That’s the prediction of Nemertes Research, which will be publishing a report later this year warning that the Web has reached a critical point that could lead first to computers being disrupted and going offline for several minutes in a time, and eventually regular brownouts that will slow and even freeze their computers. (Times Online via KurzweilAI.net.)
The primary culprit is burgeoning demand for high-bandwidth video: the report notes that the amount of traffic generated each month by YouTube is now equivalent to the amount of traffic generated across the entire Internet in all of 2000, and new video applications such as BBC iPlayer, which allows viewers to watch high-def TV on their computers. (And I guess by providing links to those sites I’m contributing to the problem!)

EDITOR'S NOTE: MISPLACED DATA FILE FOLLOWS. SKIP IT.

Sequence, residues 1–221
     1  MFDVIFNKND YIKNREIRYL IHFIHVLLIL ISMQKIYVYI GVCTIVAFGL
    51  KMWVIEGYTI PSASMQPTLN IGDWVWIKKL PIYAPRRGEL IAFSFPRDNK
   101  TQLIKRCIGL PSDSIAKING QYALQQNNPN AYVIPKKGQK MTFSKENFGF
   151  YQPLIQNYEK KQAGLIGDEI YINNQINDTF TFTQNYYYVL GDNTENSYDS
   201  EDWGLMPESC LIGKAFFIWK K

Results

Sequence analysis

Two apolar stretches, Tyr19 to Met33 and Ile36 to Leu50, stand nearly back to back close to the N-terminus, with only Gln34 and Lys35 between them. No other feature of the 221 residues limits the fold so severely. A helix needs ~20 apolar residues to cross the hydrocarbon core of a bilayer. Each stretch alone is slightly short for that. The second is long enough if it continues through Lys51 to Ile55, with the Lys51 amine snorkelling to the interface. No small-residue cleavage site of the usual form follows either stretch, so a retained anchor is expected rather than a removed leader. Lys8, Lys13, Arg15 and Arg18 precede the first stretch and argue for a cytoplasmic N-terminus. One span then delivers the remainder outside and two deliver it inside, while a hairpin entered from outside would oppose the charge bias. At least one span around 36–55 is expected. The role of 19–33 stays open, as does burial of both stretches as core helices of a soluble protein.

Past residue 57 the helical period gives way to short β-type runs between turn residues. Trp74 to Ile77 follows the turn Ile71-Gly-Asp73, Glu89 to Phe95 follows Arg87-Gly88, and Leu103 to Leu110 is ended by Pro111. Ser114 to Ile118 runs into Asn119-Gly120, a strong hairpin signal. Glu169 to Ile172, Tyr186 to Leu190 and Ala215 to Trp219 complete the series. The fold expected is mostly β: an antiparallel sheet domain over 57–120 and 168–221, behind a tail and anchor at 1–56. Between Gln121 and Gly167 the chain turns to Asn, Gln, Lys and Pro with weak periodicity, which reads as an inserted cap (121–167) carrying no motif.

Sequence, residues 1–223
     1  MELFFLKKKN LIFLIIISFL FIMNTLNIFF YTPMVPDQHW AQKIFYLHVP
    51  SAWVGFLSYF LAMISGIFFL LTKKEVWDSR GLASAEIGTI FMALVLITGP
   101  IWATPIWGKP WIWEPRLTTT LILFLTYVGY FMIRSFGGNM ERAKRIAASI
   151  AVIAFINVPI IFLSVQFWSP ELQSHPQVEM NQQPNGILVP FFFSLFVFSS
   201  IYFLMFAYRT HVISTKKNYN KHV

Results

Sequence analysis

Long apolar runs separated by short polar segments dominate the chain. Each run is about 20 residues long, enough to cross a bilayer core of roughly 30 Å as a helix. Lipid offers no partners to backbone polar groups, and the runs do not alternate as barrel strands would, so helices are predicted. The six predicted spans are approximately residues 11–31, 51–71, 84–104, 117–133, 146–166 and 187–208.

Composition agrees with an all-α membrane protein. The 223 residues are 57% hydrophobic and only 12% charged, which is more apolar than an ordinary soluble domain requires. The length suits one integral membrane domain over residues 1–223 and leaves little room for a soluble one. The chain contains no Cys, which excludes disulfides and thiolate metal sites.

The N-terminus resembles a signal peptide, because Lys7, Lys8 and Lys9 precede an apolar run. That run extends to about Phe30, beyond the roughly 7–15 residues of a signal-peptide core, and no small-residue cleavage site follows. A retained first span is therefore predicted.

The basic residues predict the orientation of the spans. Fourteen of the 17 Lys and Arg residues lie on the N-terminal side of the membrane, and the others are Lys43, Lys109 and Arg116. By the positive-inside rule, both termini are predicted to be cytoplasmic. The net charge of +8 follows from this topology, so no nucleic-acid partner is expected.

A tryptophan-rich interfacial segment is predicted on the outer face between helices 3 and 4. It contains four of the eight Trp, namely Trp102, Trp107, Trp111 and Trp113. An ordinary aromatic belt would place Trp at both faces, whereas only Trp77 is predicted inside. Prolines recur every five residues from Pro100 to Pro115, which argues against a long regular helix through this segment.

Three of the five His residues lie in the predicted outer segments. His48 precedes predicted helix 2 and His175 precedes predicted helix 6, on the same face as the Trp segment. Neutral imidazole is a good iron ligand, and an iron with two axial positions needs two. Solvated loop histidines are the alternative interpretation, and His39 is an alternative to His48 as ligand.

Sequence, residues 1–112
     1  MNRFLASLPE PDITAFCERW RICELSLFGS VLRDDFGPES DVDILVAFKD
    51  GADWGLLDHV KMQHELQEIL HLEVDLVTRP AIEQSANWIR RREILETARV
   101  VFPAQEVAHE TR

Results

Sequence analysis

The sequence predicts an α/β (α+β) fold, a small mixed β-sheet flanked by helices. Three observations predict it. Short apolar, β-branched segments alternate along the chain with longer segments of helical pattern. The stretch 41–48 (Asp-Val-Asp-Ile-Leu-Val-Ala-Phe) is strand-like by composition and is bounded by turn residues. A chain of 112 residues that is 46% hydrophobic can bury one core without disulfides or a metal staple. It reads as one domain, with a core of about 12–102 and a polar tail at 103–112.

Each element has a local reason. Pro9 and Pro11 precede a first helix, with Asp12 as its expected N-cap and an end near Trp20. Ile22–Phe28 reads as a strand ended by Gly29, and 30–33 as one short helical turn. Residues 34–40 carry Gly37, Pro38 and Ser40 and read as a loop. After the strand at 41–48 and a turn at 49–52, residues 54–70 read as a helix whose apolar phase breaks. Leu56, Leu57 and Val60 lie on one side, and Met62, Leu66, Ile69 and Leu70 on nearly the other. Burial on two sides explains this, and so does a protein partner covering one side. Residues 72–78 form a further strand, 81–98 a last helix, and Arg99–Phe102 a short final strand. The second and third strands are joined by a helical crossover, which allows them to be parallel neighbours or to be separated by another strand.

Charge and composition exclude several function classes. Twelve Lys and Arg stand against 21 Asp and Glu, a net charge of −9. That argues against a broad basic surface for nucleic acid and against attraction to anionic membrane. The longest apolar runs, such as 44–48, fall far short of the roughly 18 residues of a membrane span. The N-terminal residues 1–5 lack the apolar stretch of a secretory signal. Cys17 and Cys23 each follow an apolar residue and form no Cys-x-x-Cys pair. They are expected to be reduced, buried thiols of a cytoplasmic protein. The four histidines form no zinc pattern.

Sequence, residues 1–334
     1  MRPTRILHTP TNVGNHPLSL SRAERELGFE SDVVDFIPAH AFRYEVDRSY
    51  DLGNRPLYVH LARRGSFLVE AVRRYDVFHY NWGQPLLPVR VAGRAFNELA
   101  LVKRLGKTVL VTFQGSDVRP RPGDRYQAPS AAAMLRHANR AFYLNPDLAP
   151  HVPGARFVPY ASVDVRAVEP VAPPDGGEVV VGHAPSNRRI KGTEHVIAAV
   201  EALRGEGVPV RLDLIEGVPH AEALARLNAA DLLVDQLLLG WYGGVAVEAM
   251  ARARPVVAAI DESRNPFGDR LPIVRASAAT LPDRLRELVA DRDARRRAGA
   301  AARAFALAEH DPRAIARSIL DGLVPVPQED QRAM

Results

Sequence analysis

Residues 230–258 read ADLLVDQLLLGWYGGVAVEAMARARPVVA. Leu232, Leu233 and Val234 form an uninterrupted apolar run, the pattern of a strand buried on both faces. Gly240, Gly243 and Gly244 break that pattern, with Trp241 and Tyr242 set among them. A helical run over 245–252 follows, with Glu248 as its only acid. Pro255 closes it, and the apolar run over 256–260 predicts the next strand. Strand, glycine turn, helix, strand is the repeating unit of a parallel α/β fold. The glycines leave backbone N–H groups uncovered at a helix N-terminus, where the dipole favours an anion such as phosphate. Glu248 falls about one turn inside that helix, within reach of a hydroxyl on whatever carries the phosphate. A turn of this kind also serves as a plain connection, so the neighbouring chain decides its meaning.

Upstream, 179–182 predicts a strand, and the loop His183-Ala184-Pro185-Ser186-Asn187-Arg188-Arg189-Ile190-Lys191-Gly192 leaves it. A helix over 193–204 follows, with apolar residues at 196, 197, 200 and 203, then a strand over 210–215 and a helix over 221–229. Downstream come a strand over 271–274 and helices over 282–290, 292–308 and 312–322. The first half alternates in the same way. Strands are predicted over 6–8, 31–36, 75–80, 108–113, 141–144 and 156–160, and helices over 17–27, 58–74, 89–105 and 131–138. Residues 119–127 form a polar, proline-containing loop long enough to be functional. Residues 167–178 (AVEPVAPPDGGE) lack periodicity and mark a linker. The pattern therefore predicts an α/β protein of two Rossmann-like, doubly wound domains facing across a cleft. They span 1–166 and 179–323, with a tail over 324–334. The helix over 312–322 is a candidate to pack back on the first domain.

Monthly traffic across the Internet is currently running at about eight exabytes (an exabyte is 1,000,000,000,000,000,000 bytes), and a recent study at the University of Minnesota estimates its growing by at least 60 percent a year–and that study didn’t take into account growing demand in China and India.
Engineers are struggling to stay ahead of demand, and find other ways to deal with impending deadlock (such as the LHC Computing Grid, a parallel network designed to handle the massive amounts of data the Large Hadron Collider will produce), but it may be impossible.
In other words, we may be living in the Golden Age of the Internet. But if it all crumbles around us, at least we’ll have something to tell the grandchildren.
(Image: Wikimedia Commons.)